There’s been a lot of hype and noise over the past couple of years regarding the need for “Digital Transformation” — to such an extent that some observers have already labeled it “dead” and begun to look for the next hype topic. As a differentiator, just “being Digital” probably is dead — if everyone’s doing it how can it differentiate you? — but as table stakes for a successful future, “digital” is still alive and thriving. It’s not really a destination as much as a continuous journey (where we’re closer to the start than any possible end) and it requires a different set of habits of thought and action.
Nowhere is this more true than in product and service marketing and brand development. A digital transformation can unlock a plethora of new data points that can be translated into new value potential for products and services. What we would have called “information overload” a few decades ago is now a welcome wave of insights that smart businesses can leverage to both listen to the voice of the consumer and influence engagement strategies across the market. Today’s digital world presents boundless opportunities for engagement but requires us to understand much more about our customers’ preferences — preferences that are themselves dynamic and contextual. It’s easy to say that customers want engagement “how they want it; where they want it; when they want it,” but how do we detect the right values for “how,” “when” and “where” when they can be changing moment to moment?
Fortunately, the digital world is richly instrumented with opportunities to listen for the signals and patterns that give us clues to the right answers, and if we can collect and curate the information quickly and accurately, our insights will get better and better over time. We can combine “listen” and “learn” (habits key to any transformation) to be in the right place at the right time with the right message. The next challenge is to understand how to weave these new opportunities into existing marketing and brand processes so that the core elements of value are maintained and enhanced. Here’s some things to think about:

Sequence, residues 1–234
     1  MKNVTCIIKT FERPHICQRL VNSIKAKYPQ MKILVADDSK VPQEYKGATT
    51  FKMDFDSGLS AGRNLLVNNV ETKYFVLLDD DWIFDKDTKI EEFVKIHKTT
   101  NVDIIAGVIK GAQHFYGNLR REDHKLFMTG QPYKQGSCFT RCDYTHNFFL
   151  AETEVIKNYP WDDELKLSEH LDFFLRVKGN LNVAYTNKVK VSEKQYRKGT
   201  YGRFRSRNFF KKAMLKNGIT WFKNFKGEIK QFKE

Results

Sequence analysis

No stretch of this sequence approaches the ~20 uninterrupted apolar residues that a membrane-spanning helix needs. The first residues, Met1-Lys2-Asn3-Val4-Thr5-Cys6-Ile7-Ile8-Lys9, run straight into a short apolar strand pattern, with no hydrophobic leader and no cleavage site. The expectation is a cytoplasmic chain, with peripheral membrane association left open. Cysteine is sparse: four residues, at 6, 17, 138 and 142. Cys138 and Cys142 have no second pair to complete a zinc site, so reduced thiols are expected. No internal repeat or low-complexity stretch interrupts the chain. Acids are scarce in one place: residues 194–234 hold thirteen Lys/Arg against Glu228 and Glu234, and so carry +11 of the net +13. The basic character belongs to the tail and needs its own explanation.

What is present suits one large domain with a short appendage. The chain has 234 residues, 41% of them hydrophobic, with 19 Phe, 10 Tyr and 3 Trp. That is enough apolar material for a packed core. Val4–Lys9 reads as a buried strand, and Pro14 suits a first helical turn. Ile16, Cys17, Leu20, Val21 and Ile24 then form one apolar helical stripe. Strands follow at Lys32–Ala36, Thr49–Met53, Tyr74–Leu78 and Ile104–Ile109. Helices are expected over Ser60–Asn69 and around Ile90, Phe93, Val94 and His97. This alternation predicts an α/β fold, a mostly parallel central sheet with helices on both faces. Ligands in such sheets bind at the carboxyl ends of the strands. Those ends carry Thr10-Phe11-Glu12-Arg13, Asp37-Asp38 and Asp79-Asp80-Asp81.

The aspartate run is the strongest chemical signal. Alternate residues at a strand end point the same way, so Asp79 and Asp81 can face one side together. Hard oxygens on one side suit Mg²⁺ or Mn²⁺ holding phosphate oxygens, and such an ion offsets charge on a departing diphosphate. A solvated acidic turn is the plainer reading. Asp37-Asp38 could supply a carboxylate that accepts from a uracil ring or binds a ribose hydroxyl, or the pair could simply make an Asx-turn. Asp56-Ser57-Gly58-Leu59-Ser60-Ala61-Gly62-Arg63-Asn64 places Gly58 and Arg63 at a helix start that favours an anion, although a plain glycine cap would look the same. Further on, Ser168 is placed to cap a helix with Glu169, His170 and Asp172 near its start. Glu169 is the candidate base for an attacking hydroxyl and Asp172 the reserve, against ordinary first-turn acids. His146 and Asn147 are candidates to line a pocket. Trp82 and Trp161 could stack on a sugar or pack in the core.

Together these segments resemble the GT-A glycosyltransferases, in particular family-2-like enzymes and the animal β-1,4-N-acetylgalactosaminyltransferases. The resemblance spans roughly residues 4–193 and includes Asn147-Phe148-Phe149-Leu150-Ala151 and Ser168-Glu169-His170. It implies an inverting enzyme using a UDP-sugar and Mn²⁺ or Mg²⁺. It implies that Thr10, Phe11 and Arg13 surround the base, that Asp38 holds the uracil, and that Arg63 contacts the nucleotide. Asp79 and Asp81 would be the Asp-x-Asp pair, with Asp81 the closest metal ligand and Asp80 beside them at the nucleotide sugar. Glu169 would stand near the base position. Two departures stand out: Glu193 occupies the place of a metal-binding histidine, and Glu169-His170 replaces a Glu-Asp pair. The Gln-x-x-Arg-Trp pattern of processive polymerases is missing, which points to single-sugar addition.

- Consistency: While the form and format of digital messaging opens up many new media opportunities, maintaining a clear, consistent and recognizable message across channels and media forms remains critical. You want the consumer to be engaged however you connect, not confused.
- Relevance: In a digital marketing and brand world, context is king, because context drives relevance and relevance is what cuts through the noise and meets your customer exactly where they are — this becomes an invaluable dimension of targeting.
- Balance: Just because you can predict what your customer wants to hear, when, where and how doesn’t mean that your customer wants their behavior to be that obvious. Learning the dynamic balance between “convenient” and “creepy” won’t be easy but will be essential to maintaining effective engagement.
The other major challenge here is finding a set of new partners to work within the rapidly evolving digital landscape. When “transformational” shifts occur, incumbents can rapidly adopt the language of the shift, but seldom adapt quickly or well to the new habits of thought and action. In the same way that the early days of television offered “radio with picture,” work can get stitched together, but truly shifting focus to embrace the new capabilities created by a digital world takes time. Accelerating the shift is a source of potential advantage, so finding the right partners for digital strategy, creative, design and delivery is crucial.
One additional thing to think about — digital transformation rhetoric tends to focus on operational efficiency issues, productivity, and data-driven decisions. Brand and product marketing can get neglected but should be at the center of your transformation agenda. To help get them positioned for success, focus on developing new habits of thought and ways of working, both internally and with partners. It’s never too late to get started, but it’s certainly time to get moving. In future articles, we’ll expand on some of these ideas a develop some specific guidance on how to move forward.
John Parkinson is a founder and managing director at ParkWood Advisors, LLC and an affiliate partner at Waterstone Management Group. He has been a strategist and advisor for over three decades. He can be reached at: .
Nicolette de Guia is the Founder and Managing Partner at N7 Momentum LLC, bringing over a dozen years of experience to the ever-evolving challenges of product marketing and brand building. She can be reached at: